- Another third of our housing stock is owned by investors who can claim the cost of housing finance interest against all their other income.
- This means that interest rate rises reduce the amount of income tax they pay.
- They can also raise asking rents on their properties to recoup the cost of any interest rate rises.
- Only one-third of our residential properties have mortgages that are being paid off by owner-occupiers.
- Most of them purchased their homes many years ago when rates were much higher than they are now. Their financial situations have improved since then and they have probably paid down some of their debt, so a rise in interest rates is manageable
- Only first home buyers are badly impacted when interest rates rise.
Some highly leveraged recent first-time buyers in new outer suburban first home buyer areas may experience mortgage stress when interest rates go up.
If enough of them are forced to sell, and the number of potential first home buyers also falls, there is a risk that property values in first home buyer locations may fall.
But first home buyers only comprise around one-tenth of all homeowners, and despite the personal and social impact of such events when they have occurred in the past, local markets have always bounced back into growth within a few months.
The only times when housing prices went backward were during the First World War, the Great Depression, the Sixties Credit Squeeze, the Recession “We had to have”, the Global Financial Crisis and most recently, because of APRA restrictions on the amount of housing finance that investors could obtain from the banks.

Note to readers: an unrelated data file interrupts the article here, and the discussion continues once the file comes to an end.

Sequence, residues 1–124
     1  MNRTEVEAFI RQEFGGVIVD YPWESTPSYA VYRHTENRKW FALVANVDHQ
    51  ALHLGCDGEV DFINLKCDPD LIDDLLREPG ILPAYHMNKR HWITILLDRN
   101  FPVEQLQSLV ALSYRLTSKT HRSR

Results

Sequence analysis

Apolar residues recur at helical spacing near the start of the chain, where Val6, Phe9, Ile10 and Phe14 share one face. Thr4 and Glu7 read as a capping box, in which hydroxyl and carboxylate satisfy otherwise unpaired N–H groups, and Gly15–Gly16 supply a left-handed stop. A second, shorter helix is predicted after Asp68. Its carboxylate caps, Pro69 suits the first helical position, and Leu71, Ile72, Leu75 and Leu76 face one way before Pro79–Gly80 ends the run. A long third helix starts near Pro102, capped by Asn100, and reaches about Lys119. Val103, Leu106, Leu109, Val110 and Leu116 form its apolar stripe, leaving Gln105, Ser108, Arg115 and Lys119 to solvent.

The aim of interest rate rises is to curb inflation, not hit housing prices
Because rising interest rates only impact a small percentage of homeowners, we should look at the reason that they are increased, which is to slow down the rate of inflation.
Is there a link between rising inflation and housing prices?
Housing prices have always moved in sync with the rate of inflation.
Housing prices have historically tended to move more vigorously than inflation rates but always in the same direction.
In periods of rapidly rising inflation such as the post-war years and the seventies hyperinflation years, housing prices experienced their most dramatic price growth in our history.
In summary, interest rate rises only impact a small percentage of property owners, while property prices on the whole rise whenever the rate of inflation increases.
If inflation goes up this year or next, so will property prices.
Links and Resources:
John Lindeman of Lindeman Reports
Read John’s article referred to in the Podcast here
Get a bundle of free eBooks and reports at www.PodcastBonus.com.au
Some of our favourite quotes from the show:
“It’s going to be a more fragmented market this year, I think, moving forward.” – Michael Yardney
“I think the Reserve Bank’s also learned lessons from the past about raising interest rates.” – Michael Yardney
“So much of the drama that people go through in their careers and their personal life and their investing is avoidable if they listen to the signs the first time around.” – Michael Yardney